One Night with Fate coming May 15!

One night. One stupid mistake. Two pink lines.

Spencer Crowley wants the one thing he can’t have: Reece Knightly—the girl he’s been in love with since the age of twelve. And now, at twenty-seven, Reece is still off-limits. The fact she’s his best friend’s ex-wife isn’t the only problem. The big rock on her finger screams hands off. Spencer has to sit back and watch as she plans to marry yet another man who isn’t him.

Reece is ready to trade loneliness for the stability marriage will provide, but there’s that nagging feeling in the back of her mind telling her something’s not right. Paul might not be who she wants, but it’s who she needs.

When Reece and Spencer find themselves alone at the pub, the liquor flows freely and mistakes are made.

It’s a drunken mishap they both vow to forget. Only, fate won’t let them off the hook that easily.

Oh, Reece and Spence. What have you done? *sigh*

I wasn’t going to write you two a book. I figured no one wanted to read about your affair. I didn’t think Reece’s character was redeemable after her behaviour in One Night with Hemsworth.

Yet, you pushed and pushed and asked I try to redeem you, because you want the world to know that not everything is black and white. You made mistakes … a lot of them, but that doesn’t necessarily mean you’re a bad person, Reece.

I don’t know if I managed to make you likeable, but I hope readers realise that you’re motivations weren’t always self-serving.


There were always three sides to every story. Theirs, yours, and the truth.

In every version of my life, I’d become the villain of all three.

Perhaps it was the way I was raised. Perhaps I was a bitch to my core.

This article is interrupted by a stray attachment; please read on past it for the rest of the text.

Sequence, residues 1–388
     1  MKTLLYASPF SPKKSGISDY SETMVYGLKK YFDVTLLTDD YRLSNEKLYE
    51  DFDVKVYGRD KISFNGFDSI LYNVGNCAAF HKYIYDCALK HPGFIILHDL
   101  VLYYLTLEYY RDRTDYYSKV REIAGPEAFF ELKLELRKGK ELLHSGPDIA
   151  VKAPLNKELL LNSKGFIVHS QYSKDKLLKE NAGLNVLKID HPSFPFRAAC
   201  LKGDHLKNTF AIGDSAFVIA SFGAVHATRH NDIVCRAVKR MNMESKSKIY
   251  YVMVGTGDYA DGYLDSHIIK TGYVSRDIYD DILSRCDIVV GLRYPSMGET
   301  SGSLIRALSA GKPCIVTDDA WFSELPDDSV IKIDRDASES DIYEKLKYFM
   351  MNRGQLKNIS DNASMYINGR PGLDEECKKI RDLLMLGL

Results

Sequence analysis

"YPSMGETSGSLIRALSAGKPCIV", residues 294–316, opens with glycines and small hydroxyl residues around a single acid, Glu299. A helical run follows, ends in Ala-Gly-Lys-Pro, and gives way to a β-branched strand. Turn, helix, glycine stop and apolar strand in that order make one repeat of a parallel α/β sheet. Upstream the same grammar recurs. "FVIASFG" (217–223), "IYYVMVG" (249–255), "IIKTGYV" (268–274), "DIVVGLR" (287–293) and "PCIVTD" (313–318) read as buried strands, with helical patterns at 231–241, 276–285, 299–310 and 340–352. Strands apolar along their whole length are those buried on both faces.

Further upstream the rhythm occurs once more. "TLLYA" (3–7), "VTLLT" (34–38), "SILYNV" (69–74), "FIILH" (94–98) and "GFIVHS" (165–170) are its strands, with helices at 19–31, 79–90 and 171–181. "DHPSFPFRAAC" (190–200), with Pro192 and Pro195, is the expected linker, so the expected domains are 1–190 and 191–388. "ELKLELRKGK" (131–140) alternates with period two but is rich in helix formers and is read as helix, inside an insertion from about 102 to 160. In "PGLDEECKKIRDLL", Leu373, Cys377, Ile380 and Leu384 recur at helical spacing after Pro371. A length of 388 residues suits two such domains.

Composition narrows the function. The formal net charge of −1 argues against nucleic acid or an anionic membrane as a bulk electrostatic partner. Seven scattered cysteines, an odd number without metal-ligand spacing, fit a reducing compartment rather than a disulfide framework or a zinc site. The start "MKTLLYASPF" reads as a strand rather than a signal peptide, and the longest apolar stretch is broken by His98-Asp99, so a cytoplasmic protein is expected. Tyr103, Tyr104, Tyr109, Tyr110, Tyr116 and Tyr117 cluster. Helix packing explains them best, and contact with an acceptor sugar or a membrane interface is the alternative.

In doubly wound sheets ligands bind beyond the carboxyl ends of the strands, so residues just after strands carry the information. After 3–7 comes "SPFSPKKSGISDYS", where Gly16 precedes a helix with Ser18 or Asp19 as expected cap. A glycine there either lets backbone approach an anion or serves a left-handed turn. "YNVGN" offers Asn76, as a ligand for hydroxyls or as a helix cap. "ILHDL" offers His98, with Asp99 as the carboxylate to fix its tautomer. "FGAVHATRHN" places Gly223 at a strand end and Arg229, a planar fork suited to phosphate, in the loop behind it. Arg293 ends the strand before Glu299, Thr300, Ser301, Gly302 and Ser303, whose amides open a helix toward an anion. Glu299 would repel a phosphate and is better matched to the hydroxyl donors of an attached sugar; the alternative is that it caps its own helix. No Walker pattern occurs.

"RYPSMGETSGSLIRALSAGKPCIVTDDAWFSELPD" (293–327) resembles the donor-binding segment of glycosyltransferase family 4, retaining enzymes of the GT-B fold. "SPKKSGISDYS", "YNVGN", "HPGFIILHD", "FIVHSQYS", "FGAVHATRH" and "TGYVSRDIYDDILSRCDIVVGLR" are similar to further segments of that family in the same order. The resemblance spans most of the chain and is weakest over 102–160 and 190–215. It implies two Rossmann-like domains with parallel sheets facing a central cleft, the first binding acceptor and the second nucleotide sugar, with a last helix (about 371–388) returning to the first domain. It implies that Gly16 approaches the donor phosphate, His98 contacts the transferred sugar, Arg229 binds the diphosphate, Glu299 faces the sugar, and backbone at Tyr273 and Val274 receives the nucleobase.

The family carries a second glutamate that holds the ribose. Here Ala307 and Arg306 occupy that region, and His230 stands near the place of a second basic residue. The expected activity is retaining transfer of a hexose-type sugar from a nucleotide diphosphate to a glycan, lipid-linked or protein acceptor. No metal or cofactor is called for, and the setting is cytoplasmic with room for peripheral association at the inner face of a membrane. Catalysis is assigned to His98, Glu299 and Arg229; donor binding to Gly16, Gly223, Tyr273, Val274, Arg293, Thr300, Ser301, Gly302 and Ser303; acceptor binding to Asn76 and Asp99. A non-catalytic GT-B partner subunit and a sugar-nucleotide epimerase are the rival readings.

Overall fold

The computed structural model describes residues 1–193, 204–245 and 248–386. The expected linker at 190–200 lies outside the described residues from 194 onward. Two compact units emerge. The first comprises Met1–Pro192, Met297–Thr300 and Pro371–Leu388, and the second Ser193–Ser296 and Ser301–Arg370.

All I knew was, since sleeping with Spencer, I became a person I despised.

I wasn’t a cheater.

I wasn’t a liar.

I wasn’t a cold-hearted bitch.

Yet, in the span of a few weeks, I became all three.

I proved this when I turned up on Cole’s doorstep at six AM.

The whole morning was a fuzzy haze.

I remembered banging on the door. Hunter letting me in. Walking in on Cole and Paige in a half-dressed state.

The miniscule piece of hope I was holding onto that it was a different Paige than my soon-to-be stepdaughter was dashed.

“What the fuck, Cole? How could you do this to me?” I yelled.

He took a few steps back. “To you? I’ve done nothing to you.”

“Fucking Paul’s daughter has nothing to do with me? Really?” I took out my phone and replayed our phone call.

When I took out the domestic violence order against Cole years ago, the police suggested I download an app that recorded all my phone calls.

There was no way Cole could try to tell me I heard wrong.

Cole let out a loud breath. “We’re not just screwing around. We’re together.”

Together. With my stepdaughter. Paul’s daughter.

I lost it. And the sad part was, I knew my anger was displaced, but I couldn’t stop the verbal vomit as it flew out my mouth.

Not only was it vindictive, but it was harsh.

Words like “If you don’t end it, you won’t be able to see Cody again” were thrown out there. Cole signed over his parental rights when we split because of what he did to me. He didn’t want Cody around that. But when he sobered up, he wanted visitation, and I gave it to him. I had the power to take Cody away from him, and I dangled that over their heads to get my way. Something I had no right to do.

Things like raging alcoholic, he caused my miscarriage when he attacked me, and he’s not a good person were also yelled.

And when Cole told me “I feel so much more for Paige than I ever did for you,” the anger that should’ve been directed at myself was projected onto the man I blamed my crappy life for. But this time, he didn’t deserve it.

I was fighting to keep a hold of something I didn’t even want. And for what? To cover up an affair I had while engaged to a man I had doubts about marrying.

I took everything out on them when I should’ve been confessing my own sins.

That didn’t stop me from trying to justify my actions as I told Paige she would be better off without him.

True or not, it wasn’t my place.

If I could’ve taken it all back, I would have.

But by this point, I was so far in the hole I couldn’t see the light anymore. There was no light.

I was drowning, and I wasn’t strong enough to fight it. Instead, I pushed everyone else down so I could remain afloat. The problem with that was, I knew I’d run out of people to lean on eventually, effectively drowning us all.